Budget 2019-20: The special waiver from Section 56 (2)(x) of the Income Tax Act — in force since Finance Act 2017-18 — may be announced in the forthcoming Budget, according to a source.
Budget 2019 India: In a move that could boost investor interest in firms under insolvency process and thereby quicken their resolution process, they may be exempted from having to pay tax on the differential between the (usually lower) acquisition value and the fair market value (FMV) of the bankrupt firm’s shares. The special waiver from Section 56 (2)(x) of the Income Tax Act — in force since Finance Act 2017-18 — may be announced in the forthcoming Budget, according to a source.
“We have been receiving representations regarding section 56(2)(x) from the industry and an exemption for companies under the insolvency and bankruptcy code (IBC) is being looked at,” the source said. He added that while an effort is on to introduce the change in the Budget, it might materialise a few weeks after it also.
“An exemption for IBC cases makes sense as the acquirer not only has a liability to pay off lenders but also needs to pump in capital towards revival of the company. Any potential tax liability makes the acquisition much less appealing,” Amrish Shah, partner, Deloitte Haskins & Sells LLP, said. He added that without an explicit exemption, the acquiring firms can be open to different interpretations, which can lead to potential tax issues arising from the acquisition.
An analyst on condition of anonymity said in many cases where a tax demand has been faced by the acquirers of insolvent firms, the firms have explored ways to work around the problem but they fear the tax liability could come back to haunt them later if the tax department decides to invoke General Anti-avoidance Rules (GAAR).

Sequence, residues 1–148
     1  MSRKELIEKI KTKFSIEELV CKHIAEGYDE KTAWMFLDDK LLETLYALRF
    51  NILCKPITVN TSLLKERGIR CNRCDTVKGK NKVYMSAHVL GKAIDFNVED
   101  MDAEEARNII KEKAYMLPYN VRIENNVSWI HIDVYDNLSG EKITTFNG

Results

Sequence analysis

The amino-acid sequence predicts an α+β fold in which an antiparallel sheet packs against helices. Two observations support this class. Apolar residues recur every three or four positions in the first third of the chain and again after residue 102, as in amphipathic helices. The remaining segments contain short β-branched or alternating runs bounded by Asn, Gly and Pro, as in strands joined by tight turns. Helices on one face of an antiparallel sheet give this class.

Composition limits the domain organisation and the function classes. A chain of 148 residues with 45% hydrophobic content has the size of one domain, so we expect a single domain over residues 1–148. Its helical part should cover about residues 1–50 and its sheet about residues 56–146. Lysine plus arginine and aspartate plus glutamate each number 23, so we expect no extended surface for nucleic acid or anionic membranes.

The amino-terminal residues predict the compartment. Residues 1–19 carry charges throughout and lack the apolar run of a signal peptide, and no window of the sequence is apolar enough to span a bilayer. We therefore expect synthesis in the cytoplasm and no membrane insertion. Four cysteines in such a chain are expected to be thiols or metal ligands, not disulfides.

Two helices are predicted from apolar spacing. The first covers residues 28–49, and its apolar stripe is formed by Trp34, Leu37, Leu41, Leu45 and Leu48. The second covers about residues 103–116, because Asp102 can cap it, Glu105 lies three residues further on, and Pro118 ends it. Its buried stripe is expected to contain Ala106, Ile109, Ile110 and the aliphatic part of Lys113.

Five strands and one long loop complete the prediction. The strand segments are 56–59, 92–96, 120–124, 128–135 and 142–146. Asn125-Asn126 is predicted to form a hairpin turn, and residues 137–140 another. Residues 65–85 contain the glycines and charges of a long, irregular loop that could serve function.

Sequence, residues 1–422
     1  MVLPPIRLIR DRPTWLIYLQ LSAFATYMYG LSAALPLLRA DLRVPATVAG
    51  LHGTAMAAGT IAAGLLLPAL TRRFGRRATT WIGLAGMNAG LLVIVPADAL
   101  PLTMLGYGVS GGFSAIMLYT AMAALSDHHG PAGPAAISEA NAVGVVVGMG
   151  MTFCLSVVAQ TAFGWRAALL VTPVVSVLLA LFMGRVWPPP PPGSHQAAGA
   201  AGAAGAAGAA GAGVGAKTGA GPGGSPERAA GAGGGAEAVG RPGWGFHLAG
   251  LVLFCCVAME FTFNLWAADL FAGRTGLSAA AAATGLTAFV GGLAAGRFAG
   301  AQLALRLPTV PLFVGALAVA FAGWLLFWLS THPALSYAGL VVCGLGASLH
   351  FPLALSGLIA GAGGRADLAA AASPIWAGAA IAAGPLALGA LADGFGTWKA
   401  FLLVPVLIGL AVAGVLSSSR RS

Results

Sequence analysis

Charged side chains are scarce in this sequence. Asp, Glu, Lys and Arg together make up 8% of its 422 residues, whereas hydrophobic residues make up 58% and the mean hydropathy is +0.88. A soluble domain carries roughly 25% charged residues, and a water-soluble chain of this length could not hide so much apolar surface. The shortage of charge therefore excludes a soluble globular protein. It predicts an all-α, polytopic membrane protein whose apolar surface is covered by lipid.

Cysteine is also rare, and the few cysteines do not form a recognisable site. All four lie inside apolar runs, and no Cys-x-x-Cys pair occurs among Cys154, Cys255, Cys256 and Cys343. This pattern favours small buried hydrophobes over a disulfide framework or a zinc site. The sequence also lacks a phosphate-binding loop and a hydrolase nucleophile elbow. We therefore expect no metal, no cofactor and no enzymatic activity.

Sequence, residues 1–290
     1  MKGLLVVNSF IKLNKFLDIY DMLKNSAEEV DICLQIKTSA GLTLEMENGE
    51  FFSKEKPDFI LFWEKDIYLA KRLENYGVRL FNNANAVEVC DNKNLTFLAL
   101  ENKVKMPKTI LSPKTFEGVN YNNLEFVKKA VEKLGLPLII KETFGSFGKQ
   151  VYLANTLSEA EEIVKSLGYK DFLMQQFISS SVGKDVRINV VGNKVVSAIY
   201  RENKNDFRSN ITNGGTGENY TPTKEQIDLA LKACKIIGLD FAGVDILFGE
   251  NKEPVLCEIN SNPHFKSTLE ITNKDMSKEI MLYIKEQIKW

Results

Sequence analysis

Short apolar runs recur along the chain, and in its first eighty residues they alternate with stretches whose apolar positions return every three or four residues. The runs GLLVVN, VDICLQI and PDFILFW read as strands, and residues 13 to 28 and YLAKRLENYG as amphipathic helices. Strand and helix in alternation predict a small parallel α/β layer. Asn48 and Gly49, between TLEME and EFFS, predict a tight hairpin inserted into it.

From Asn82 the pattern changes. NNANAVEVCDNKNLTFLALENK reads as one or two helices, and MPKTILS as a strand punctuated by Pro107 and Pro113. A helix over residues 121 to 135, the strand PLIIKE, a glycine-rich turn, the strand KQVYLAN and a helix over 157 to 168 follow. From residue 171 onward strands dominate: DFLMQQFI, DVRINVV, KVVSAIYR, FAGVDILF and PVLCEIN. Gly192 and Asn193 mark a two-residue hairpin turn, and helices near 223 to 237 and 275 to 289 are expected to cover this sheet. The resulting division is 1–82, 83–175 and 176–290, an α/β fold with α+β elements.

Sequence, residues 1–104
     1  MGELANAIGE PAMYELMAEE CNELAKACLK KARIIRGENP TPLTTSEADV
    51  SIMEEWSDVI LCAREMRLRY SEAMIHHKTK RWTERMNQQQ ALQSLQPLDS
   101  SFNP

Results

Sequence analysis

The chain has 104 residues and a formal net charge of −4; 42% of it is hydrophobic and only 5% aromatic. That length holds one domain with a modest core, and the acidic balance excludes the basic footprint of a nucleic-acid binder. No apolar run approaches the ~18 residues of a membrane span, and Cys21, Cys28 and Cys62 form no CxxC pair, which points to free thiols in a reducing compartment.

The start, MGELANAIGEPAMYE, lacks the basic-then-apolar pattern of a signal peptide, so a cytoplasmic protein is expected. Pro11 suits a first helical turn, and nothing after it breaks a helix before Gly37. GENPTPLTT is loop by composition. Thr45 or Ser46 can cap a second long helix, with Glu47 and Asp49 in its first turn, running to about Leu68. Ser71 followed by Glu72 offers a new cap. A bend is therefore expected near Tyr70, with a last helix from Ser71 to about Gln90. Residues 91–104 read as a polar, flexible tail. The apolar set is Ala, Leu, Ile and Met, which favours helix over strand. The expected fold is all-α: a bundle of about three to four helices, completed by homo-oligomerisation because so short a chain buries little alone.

Huge difference between the FMV and acquisition value is practically a norm under the insolvency process as lenders try to avoid liquidation of the firms to the extent possible. For instance, the face value of Electrosteel shares was brought down to Rs 0.20 apiece from Rs 10 after the company was acquired by Vedanta in June last year and the money owed by the firms to the lenders was converted into equity.
In the case of acquisition below FMV, Section 56(2)(x) deems the acquirer to have benefited from lower valuation. It was introduced as an anti-abuse provision to tax receipt of property for inadequate consideration.
Tax experts said that Section 56(2)(x) was one of three original sticking points in IBC. The Central Board of Direct Taxes (CBDT) last year removed one of these irritants when it allowed firms to reduce their book profits by carrying forward the insolvent firm’ losses, a facility that enabled them to mitigate their minimum alternate tax (MAT) liability. Further, earlier this year, the Supreme Court said that the haircut taken by a lender under the insolvency resolution process would not be considered as income of the acquirer company and so cannot be taxed.
The recovery through the Insolvency and Bankruptcy Code (IBC) route stood at Rs 70,000 crore last fiscal, or 43% of the default amount, according to a Crisil report. This means creditors had to take a 57% haircut. However, it was still twice the Rs 35,500 crore recovered in FY19 through earlier resolution mechanisms like the Debt Recovery Tribunal and Lok Adalat, the report said.